Is Democracy India’s Bane?

Posted on February 25, 2011 in Featured

 

By Ravi Radhanpura:

India, a country of 1.2 billion people, boasts to be the largest democratic set up in the world. Along with this, it also is a country allowing dozens of religions, hundreds of languages, thousands of castes and sects and millions of Gods. Thus, it is also today, the most chaotic and controversial democratic set up in the world! One can surely argue for the fact that Democracy has hampered rather than boosted India’s progress.

There are several reasons that prove ardent proponents against this belief wrong. In the backdrop of such a massive administration, India houses politicians and so called crony, corrupt and uneducated leaders of society. More than half the members of parliament in Lok Sabha face one or the other criminal charges. There is a huge list of scams and scandals by ministers and petty bureaucrats under almost every government regime and what happens in the end is nothing except discussions. This is one of the primary weaknesses of Indian polity. In the face of problems, the democratic set up allows culprits to exploit situations on the basis of religion, caste, language or in recent times coalition weightage.

In other developing countries, the Government policies do reach the lowest strata of the society with much transparency unlike India and thus countries like South Korea, South Africa are much highly ranked in termed of socio economic development and transparency. In India, we have interpretation of laws and policies so as to make rich richer and poor poorer. Multi layered governance and innumerable amendments or laws for people to protect themselves, lead to utter chaos even in the event of exposure of any illegal practise. India’s constitutional framework which guarantees impartial democratic rights to all, is perhaps the most complex and misinterpreted in the world.

Moreover, a very important point of difference between India and other countries is that in India, people have the power to vote out a government as quick as a swish of an eye. This periodic renewals of governments and polity through ballot box deters single minded focus on development and results in varied agenda and undue wastage of time in fixing and re fixing policies.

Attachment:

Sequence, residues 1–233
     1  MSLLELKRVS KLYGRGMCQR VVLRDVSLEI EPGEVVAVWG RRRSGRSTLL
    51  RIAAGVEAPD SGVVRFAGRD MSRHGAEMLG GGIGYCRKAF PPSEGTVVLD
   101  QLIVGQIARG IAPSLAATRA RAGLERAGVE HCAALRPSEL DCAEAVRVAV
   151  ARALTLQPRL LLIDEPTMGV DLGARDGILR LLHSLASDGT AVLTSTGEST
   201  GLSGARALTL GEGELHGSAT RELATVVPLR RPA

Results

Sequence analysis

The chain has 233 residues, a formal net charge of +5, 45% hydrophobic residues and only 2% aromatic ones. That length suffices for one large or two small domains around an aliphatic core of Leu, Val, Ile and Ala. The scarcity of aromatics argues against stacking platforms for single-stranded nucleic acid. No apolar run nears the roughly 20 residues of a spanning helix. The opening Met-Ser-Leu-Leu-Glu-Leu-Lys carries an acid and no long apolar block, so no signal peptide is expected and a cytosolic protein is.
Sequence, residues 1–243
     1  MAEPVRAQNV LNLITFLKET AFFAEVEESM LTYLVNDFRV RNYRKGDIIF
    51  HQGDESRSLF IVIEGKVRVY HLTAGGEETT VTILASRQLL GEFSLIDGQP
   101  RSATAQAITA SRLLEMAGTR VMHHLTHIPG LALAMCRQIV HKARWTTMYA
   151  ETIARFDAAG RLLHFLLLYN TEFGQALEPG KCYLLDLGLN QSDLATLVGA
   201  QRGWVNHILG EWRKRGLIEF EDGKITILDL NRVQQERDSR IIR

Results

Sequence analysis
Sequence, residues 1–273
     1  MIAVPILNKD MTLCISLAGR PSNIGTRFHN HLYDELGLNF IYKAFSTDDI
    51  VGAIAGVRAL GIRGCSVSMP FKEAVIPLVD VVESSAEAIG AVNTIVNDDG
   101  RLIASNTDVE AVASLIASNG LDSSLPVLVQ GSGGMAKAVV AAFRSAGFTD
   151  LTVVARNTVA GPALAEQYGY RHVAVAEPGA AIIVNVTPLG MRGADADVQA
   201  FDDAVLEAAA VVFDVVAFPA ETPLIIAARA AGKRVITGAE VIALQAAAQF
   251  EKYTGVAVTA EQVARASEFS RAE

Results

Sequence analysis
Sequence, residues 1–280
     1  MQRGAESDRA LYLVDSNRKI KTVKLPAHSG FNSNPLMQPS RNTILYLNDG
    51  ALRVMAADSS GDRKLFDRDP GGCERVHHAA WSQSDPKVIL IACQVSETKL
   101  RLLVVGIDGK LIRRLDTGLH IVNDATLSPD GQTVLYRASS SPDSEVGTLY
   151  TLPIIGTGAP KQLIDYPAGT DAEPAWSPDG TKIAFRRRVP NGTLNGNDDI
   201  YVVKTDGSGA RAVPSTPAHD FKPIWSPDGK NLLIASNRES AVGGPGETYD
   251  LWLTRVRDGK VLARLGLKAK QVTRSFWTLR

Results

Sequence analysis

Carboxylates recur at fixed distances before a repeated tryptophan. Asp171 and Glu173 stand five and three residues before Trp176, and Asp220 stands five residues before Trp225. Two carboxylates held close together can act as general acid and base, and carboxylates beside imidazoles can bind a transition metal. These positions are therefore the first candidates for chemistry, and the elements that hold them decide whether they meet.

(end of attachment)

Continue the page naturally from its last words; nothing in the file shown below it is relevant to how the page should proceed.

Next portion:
On the economic front, India has travelled from being a closed and protected socialistic economy to a liberalized economy overnight in 1991-92. This marked an era of democratization of businesses and economy. But, I guess the effects of such a gesture have stopped reaping benefits. Today, industrial output is pegged at an abysmal 1.6%, whereas price rise as much as 16.7%. Such a free scenario has led to a roller coaster ride for the market, commodities razing down the agricultural set up, a steady decline in agricultural output over the last 2 decades, massive migration and urbanisation leading to more and more unemployment and polarization of development initiatives. India still stores more than 50% of its unemployed population as unemployable. There is a huge disparity between income levels, standards of living and human resources development among different regions of the country. Whereas India’s very neighbour China and a small island nearby Singapore, both being non liberalized or democratized countries boast much better development, rate of growth and better income levels . This is when china moved from social/cultural revolution to economic initiatives in late 80s, almost the same time as India. Today, projects in India take years and years from planning to execution stage with budgets for them increasing several fold. The inclusion of indigenous fighter combat planes TEJAS is one such bare example of the hypocrisy of our democratic set up. Today, India instead of building on its brand image in meets like davos, has to defend its image as a non corrupt and idealistic country.

It is said that a country is marked by how it treats both its patriots and traitors. Today, in India, we struggle to convict a flagged telecom minister who has lost us 1.76 Lakh crore rupees, or a tainted chief minister in corruption, we have a terrorist whom we cannot punish, a state that we cannot treat normally or businesses whom we can direct honestly. India, shamefully is facing challenges and identity crises within its so called democratic set up.

Today, we overlook all our problems with a very simple and cowardly statement, “This is India”, but my friends one should remember that with great powers come greater responsibilities. We need a Hero, an Idea, a revolution to make things happen. We need an answer to this so called crony democratic society whose false veil is now lifted for the world to see us.

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Gowtham

Thank you so much
I have a debate on school tomorrow. This article is really useful. Thank you.

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